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Moweaqua Police Chief Rob Maynard resigned Monday, a day before he was set to return from a one-week suspension. The move comes a week after the resignation of the village’s only full-time police officer, Chad Lamb.

Here’s what we know:

Maynard, Rob


The resignation takes effect immediately:

Maynard told the Herald & Review that he plans to seek legal counsel “and go forward from there.” In his letter of resignation, he said the decision stemmed from what he described as “outright and blatant discrimination” by Mayor Boomer Neece and the village board. “I feel mentally and emotionally broken from your actions," Maynard wrote.

Maynard resignation letter.

The board has had problems with Maynard:

Neece and village attorney Ed Flynn have previously declined to comment on reasons for disciplining Maynard, who has served the department for 15 years. But in paperwork obtained by the Herald & Review last week, the board cited a variety of reasons, including failure to show up to several public events, misrepresenting his hours worked, and not overlapping hours with Lamb.

The two-page document outlines reasons for the suspension, which include:

  • Failure to work evening patrols;
  • Failure to attend three football games in Moweaqua at the mayor's request;
  • Failure to overlap work schedules with Lamb so as to communicate local police concerns;
  • An incident in which someone observed Maynard in plain clothes at a gas station while he was on duty, amounting to a failure to clock out;
  • Refusal to seek part-time employees for the police department.

Issues have been brewing for months:

Maynard, 49, described a slew of disciplinary hearings over his violation of Moweaqua's policies and procedure going back to July. He said concerns about his performance were never brought to him before the village board took action.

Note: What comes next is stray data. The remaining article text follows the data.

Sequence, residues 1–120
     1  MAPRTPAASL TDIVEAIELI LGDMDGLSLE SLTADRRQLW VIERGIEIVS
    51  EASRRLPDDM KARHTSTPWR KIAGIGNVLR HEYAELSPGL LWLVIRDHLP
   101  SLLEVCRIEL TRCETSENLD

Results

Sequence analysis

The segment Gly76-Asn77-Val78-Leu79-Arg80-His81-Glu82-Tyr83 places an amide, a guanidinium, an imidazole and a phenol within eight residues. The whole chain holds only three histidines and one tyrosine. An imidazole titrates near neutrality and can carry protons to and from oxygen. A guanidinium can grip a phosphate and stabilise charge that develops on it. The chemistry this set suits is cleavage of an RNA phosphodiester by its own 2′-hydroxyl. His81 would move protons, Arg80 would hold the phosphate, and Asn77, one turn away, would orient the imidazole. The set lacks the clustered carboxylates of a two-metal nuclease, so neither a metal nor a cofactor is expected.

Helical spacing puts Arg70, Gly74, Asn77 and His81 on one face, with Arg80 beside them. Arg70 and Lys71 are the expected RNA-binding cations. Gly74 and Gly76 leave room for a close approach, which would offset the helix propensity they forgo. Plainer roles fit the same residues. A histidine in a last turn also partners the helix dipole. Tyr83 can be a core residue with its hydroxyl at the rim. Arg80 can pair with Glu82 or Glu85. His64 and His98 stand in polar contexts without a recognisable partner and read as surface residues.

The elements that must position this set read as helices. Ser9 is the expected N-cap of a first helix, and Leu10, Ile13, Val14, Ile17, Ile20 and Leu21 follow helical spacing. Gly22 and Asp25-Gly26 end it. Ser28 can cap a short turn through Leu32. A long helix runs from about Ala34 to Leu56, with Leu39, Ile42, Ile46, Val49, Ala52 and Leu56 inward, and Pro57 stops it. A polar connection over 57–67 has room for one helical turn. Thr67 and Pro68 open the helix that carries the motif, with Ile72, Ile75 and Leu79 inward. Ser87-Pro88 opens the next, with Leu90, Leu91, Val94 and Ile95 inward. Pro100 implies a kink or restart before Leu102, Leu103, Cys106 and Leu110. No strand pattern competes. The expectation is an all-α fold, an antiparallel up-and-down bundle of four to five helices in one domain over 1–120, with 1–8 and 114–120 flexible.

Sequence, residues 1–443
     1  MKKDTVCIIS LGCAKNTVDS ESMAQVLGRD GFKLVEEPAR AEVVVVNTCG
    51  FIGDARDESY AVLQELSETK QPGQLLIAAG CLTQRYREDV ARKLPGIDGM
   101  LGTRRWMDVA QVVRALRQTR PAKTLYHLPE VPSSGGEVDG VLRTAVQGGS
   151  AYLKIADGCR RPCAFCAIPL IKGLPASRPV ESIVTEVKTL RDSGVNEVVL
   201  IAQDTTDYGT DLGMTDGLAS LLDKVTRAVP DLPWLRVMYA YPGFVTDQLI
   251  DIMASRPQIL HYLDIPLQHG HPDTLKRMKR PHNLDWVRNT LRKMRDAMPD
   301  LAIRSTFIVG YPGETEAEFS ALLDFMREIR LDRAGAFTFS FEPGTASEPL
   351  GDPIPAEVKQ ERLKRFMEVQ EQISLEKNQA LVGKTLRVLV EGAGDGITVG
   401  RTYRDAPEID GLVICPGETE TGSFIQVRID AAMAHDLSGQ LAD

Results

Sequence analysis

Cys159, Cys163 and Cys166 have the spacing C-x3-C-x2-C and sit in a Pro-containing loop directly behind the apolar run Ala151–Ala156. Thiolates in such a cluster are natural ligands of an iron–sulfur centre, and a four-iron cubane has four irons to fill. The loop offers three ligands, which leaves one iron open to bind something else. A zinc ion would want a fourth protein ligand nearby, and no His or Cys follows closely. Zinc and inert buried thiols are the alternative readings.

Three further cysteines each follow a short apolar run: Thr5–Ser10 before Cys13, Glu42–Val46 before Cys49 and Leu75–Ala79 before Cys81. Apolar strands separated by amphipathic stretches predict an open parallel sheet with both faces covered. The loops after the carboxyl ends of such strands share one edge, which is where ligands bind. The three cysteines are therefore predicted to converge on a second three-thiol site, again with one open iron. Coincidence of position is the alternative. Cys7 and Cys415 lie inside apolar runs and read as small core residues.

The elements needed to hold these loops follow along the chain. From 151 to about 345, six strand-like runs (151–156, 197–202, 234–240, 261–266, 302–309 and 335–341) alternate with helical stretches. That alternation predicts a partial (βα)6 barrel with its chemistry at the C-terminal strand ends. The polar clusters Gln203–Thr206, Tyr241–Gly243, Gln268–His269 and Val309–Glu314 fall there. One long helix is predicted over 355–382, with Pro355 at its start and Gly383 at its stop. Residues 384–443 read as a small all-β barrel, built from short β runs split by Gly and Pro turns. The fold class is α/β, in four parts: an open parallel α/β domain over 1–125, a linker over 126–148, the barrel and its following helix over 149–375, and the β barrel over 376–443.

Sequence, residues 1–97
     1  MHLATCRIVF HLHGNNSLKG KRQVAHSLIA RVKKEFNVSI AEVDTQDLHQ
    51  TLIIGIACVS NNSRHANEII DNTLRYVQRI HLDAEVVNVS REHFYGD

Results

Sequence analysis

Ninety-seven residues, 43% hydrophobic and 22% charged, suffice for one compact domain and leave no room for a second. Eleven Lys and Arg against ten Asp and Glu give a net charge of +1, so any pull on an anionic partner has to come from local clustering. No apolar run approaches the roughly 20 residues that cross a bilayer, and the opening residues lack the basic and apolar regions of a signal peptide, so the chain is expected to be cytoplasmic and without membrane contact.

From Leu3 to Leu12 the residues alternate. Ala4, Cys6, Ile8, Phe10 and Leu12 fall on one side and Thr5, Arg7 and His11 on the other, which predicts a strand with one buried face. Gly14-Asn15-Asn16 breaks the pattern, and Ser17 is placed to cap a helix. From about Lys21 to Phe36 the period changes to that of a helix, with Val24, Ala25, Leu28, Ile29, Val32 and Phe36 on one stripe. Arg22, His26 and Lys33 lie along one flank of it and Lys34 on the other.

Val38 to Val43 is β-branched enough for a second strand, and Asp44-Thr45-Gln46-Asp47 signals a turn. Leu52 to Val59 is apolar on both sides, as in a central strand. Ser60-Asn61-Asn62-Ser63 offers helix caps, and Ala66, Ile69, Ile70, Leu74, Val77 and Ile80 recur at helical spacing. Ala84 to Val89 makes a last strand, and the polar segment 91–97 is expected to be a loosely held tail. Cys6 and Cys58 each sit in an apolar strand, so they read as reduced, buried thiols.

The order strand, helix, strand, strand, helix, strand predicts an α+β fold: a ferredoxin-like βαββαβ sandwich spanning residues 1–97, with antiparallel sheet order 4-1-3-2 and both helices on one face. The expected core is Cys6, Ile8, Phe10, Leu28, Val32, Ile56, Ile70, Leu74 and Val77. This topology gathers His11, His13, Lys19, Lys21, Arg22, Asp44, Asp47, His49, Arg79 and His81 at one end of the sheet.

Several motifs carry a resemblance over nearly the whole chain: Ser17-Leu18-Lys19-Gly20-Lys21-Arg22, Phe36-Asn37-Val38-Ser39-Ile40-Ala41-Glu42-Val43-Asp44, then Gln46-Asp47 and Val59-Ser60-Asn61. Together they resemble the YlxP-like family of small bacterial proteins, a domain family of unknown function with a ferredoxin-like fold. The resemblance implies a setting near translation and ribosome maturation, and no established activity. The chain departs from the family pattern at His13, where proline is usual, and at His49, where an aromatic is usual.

"I was never given an opportunity (to respond)," he said last week.

The pattern, he said, started two months after a new village board was sworn into office in May.

Two new board members were elected into the six-person body this year, and Neece won the mayoral election after serving as a board member.

Larry Morrell

Larry Morrell addresses the Moweaqua Village Board during its special meeting on Oct. 23. Morrell and dozens of residents attended the meeting over concerns about the recent suspension of village police chief Robert Maynard and the resignation of officer Chad Lamb.

Many support the police chief:

Maynard returned to Moweaqua on Friday night after several days away “to decompress,” and was met by dozens of residents who had turned out to support him. Many were wearing specially made shirts for the occasion.


Supporters of former Moweaqua Police Chief Rob Maynard gathered to welcome him back home on Friday. Maynard resigned from his post on Monday. 

Supporters of the chief also packed a public meeting last week at which Maynard’s suspension and Lamb’s resignation were discussed. “When you have those like (Maynard and Lamb) in squad cars, you know you can trust them to watch over your kids.” one of the residents, Larry Morrell, told the village board.

Outside agencies can help police the village:

Shelby and Christian County sheriff's offices were providing patrol to Moweaqua at night during Maynard's suspension and following Lamb's resignation.

Christian County Sheriff Bruce Kettelkamp said Tuesday that his department had not been asked to provide help, but would be ready to do so for the portion of the village that falls in Christian County. 

Shelby County Sheriff Don Koonce said Tuesday that Moweaqua's law enforcement needs will be covered fully by his department. “We have a very good sheriff's department and other police departments and we will take care of everything that needs to be taken care of,” he said.

Asked how his office would accomplish that, the sheriff said his officers would be serving “the taxpayers of Moweaqua with law enforcement, that is what we will be doing.”

A part-time Moweauqua officer also resigned at last week’s board meeting. The department had five part-time employees.


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